Available in hardback, paperback or on Kindle.

Sean Gabb: “The Churchill Memorandum”

This thriller is a tremendously fun romp through an alternative history set in 1959 where the Second World War didn’t happen. Hitler died in 1939, and the British Empire has sustained its precarious position through careful diplomacy. Britain is still ruled well by a conservative establishment on a mix of traditional values and liberal enterprise: hard currency and technological innovation; beautiful buildings and statues; zeppelins and heated pavements. The sixties (speculated by AnomalyUK to have really started in the 1950s) never happen.

Guns are legal. So are drugs, and the characters ingest enormous quantities of them throughout the story (alcohol, cannabis, heroin, and several unnamed concoctions); after you read the book, read Bella Gerens’ review for an amusing theory.

In the universe of this book, Churchill was an unsuccessful alcoholic, and our leading man is the world’s “leading Churchill scholar. Then again, bearing in mind Winston Churchill’s current obscurity, it would have been less flattering, though more correct, to describe me as the only Churchill scholar.” So why are all the characters desparate to get their hands on the “Churchill Memorandum”?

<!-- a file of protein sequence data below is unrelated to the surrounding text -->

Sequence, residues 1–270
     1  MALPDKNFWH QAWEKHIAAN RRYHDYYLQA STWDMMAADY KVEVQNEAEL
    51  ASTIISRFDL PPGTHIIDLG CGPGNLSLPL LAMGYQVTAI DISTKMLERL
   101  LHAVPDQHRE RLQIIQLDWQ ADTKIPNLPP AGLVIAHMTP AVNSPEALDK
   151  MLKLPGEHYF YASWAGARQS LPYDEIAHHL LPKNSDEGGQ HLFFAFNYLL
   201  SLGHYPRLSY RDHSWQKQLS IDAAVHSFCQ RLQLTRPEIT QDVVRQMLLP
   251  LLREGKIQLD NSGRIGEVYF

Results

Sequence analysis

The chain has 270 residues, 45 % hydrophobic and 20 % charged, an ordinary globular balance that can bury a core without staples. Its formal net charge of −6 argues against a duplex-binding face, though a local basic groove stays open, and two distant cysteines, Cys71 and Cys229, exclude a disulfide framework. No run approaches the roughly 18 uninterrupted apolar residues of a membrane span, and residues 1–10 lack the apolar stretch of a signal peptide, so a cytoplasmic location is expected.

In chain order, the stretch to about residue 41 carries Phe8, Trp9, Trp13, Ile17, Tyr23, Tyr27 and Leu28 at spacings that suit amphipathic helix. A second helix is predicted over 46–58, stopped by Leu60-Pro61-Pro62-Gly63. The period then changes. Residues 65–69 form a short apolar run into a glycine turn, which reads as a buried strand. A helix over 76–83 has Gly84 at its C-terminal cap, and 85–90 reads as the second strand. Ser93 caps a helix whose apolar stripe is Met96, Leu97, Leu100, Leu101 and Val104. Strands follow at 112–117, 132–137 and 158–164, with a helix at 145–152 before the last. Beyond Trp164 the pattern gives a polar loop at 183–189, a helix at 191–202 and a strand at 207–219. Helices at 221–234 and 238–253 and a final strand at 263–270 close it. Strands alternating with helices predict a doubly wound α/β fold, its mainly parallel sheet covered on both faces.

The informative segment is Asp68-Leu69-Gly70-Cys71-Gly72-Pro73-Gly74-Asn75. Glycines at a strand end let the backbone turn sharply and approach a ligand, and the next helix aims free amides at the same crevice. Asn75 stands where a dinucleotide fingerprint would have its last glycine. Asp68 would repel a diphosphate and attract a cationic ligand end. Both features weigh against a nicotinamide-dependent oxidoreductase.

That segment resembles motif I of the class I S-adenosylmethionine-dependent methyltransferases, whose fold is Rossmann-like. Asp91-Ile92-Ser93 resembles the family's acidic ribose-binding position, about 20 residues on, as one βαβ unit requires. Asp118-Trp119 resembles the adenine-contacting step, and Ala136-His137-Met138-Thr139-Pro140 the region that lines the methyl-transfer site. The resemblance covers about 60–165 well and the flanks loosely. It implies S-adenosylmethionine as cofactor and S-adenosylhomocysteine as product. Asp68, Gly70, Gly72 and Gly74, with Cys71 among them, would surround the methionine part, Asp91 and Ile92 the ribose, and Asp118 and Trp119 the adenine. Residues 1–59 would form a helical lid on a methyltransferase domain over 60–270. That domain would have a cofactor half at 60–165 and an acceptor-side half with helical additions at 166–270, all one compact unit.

The book is a thriller in the style of John Buchan and Bulldog Drummond. “You weren’t expected to blunder about like Richard Hannay on benzedrine!” exclaims one character.

The book is very well written and rollicks along. The most enjoyable thing about it is how the alternative history setting allows the author to make plenty of jokes by casting historical figures in unlikely (or likely) roles. All the villains of the real-world post-war revolution from Roy Jenkins downwards meet their comeuppance. I won’t give much more away, other than to quote how the central villain of the piece is described: